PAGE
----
Arnold’s troops had missed the rocket signal in the snow storm and were late in launching their attack. Arnold, too, was leading the attack from the front, was seriously wounded in the leg, and had to be carried back to the rear. His men continued the attack and a number of them broke through at one point, but were eventually surrounded and cut off. They tried pushing through but were met by intense fire from inside the city each time they tried. There was no way to go back and they could not go forward. Finally at nine in the morning the officers in command of the surrounded detachment ordered a surrender. Some 372 men were captured in addition to the wounded. One wounded soldier later wrote, “It was apparent to all of us that we must surrender. It was done.”
After both attacks were broken off, Arnold, as the senior officer present, took command of the shattered American army. He dug in around the city, keeping the British forces bottled up inside. He then waited for reinforcements from the colonies to the south. Burr stayed with Arnold until May 1776 when he returned to the army in New York and was added to Washington’s staff.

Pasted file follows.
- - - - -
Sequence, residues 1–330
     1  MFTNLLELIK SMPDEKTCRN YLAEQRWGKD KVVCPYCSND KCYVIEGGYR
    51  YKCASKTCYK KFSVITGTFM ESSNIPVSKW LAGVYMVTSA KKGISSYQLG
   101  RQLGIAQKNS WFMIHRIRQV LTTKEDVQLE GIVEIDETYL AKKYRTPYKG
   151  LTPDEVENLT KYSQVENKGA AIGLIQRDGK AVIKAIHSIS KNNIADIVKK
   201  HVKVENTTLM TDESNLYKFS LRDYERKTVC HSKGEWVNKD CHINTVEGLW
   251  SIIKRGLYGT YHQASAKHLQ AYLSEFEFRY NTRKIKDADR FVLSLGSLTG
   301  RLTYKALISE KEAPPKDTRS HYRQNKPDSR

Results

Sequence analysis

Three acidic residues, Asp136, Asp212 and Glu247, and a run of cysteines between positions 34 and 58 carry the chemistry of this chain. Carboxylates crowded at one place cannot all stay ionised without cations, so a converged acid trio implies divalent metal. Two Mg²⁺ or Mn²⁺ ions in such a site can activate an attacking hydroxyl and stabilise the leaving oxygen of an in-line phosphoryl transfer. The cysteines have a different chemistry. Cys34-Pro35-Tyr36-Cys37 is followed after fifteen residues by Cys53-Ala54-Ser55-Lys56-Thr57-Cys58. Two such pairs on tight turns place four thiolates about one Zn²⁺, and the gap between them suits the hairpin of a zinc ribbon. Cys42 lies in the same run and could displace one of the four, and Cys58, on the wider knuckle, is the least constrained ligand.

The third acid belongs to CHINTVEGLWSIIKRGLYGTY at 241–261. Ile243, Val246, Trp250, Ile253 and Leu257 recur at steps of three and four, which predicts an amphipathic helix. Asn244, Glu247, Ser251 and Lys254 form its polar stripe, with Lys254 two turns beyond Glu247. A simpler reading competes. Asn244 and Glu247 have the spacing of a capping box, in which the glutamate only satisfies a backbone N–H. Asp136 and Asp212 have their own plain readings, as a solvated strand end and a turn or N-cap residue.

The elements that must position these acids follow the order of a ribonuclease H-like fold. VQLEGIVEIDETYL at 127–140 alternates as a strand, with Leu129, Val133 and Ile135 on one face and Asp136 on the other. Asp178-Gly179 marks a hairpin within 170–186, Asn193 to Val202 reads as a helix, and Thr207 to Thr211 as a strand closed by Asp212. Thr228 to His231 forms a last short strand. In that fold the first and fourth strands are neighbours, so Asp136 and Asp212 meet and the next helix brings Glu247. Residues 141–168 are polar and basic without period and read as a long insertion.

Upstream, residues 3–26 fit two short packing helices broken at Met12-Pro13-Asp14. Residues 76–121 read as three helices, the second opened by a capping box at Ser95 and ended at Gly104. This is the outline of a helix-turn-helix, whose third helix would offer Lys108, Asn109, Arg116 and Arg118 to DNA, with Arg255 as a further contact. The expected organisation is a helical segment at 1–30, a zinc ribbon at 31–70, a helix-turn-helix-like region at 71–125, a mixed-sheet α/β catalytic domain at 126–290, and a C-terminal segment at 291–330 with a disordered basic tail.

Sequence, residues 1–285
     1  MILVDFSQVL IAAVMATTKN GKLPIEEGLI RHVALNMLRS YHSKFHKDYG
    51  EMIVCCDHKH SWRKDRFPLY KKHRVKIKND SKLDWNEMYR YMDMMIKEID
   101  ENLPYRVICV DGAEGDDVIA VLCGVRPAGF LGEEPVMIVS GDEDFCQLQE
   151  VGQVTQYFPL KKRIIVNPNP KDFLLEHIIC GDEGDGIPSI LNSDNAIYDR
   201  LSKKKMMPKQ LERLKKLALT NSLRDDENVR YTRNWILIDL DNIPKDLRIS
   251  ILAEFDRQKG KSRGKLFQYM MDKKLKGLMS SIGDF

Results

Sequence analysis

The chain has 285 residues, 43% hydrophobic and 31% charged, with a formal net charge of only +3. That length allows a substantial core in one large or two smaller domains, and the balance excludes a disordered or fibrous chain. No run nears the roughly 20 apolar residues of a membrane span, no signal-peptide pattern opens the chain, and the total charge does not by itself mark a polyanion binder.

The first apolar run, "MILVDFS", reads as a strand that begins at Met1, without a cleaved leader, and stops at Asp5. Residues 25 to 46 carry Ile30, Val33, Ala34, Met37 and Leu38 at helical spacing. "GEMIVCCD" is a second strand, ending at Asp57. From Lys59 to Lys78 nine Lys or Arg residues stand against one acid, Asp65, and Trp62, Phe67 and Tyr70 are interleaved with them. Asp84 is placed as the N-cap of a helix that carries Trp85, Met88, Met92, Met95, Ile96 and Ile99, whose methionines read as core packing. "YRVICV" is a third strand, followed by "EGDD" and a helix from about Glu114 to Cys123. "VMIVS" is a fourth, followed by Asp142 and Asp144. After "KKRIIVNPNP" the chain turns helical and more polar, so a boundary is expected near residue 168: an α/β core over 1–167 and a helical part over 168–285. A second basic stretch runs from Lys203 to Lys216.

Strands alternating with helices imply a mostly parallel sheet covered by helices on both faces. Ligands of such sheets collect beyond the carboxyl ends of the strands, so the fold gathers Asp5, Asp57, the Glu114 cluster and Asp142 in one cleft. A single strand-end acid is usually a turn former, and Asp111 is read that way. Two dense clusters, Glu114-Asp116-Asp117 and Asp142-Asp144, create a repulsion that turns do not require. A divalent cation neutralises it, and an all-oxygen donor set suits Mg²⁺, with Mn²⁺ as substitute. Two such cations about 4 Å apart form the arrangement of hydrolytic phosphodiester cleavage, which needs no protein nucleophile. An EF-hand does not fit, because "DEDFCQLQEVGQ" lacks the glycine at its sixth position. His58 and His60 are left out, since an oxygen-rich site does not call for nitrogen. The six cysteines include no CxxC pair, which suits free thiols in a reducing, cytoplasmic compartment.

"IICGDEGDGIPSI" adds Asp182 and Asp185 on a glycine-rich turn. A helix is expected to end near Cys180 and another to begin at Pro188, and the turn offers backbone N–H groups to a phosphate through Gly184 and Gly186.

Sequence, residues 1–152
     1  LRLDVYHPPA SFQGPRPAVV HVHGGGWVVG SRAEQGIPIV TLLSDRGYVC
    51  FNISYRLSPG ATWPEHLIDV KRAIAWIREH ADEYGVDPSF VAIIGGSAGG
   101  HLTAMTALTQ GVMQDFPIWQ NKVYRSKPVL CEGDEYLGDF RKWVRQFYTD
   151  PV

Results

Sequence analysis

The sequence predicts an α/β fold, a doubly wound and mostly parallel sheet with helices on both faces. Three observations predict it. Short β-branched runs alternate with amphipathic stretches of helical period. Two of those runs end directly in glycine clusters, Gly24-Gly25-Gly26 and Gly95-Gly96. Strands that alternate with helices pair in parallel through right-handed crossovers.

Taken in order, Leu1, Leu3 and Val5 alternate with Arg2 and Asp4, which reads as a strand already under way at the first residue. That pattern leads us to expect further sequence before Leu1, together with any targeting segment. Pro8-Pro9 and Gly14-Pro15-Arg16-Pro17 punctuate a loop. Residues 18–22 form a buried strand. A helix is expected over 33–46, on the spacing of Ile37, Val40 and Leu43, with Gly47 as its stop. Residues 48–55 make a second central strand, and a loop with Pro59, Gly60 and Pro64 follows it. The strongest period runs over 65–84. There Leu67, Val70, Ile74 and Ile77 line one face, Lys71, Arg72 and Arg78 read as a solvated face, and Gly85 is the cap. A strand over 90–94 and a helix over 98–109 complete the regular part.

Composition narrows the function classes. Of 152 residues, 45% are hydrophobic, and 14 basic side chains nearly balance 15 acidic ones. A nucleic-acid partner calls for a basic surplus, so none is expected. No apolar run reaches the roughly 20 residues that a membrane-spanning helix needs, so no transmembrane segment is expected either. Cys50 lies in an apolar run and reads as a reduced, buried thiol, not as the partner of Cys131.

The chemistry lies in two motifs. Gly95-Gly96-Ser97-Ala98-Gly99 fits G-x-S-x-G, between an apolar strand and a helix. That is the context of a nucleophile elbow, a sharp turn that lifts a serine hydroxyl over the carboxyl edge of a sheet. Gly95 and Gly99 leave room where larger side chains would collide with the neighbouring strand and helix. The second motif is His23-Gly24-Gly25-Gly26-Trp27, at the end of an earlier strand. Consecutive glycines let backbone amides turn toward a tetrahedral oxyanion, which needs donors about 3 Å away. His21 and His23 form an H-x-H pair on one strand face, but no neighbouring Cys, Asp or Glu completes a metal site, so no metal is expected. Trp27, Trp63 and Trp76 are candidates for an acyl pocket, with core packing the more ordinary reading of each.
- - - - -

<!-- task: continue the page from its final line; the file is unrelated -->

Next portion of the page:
After the attack was over, Carleton was impressed. Many of the units that had defended Quebec were French Canadian militia. They had fought well and had basically saved the day. He ordered the body of General Montgomery be treated with distinction and the American prisoners to be well treated.
Americans back home were stunned by the defeat. On January 8, 1776 one congressman noted that, based on reports from generals Schuyler and Montgomery, if the United Colonies wanted to hold Canada, they were going to need ten thousand more men. The congress had assumed that the Canadian operation would be self-sustaining once the initial objective of taking Canada was completed. It was assumed that Canadians would wantto be added to the United Colonies and would send delegates to the congress and raise their own militia. In addition, the congress was getting constant requests for hard currency to be sent to Canada. It seems the Canadians were very happy to continue to supply the American army as long as they were paid in real money, not Continental paper dollars. The generals said that without more money and more men, “all will be lost.”